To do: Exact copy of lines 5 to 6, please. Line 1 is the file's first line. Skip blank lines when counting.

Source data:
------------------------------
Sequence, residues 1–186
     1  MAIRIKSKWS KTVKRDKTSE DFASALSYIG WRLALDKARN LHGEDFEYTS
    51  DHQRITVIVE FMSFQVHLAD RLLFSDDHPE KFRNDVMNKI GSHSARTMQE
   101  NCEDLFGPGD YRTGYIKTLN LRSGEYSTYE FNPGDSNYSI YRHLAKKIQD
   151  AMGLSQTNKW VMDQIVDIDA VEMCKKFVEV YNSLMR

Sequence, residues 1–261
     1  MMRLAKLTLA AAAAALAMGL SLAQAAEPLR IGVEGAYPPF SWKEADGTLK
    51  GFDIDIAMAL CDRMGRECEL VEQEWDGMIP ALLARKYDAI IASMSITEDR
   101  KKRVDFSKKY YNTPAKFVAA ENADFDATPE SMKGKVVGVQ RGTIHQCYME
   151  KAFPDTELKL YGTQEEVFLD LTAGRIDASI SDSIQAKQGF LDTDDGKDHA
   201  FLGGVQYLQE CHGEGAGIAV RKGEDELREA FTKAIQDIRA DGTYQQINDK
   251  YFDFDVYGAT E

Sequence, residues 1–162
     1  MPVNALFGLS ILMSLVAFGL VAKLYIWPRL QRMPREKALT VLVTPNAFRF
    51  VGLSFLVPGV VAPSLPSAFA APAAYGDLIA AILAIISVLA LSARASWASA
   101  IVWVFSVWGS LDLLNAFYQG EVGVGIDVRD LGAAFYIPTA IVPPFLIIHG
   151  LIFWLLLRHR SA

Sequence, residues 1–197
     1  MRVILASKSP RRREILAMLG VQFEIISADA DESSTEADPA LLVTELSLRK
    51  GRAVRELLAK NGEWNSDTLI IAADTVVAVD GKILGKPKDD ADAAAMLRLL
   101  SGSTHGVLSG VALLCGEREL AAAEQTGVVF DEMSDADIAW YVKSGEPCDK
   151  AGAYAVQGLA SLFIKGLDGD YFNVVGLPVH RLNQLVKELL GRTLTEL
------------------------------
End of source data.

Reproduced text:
   151  AMGLSQTNKW VMDQIVDIDA VEMCKKFVEV YNSLMR

Sequence, residues 1–261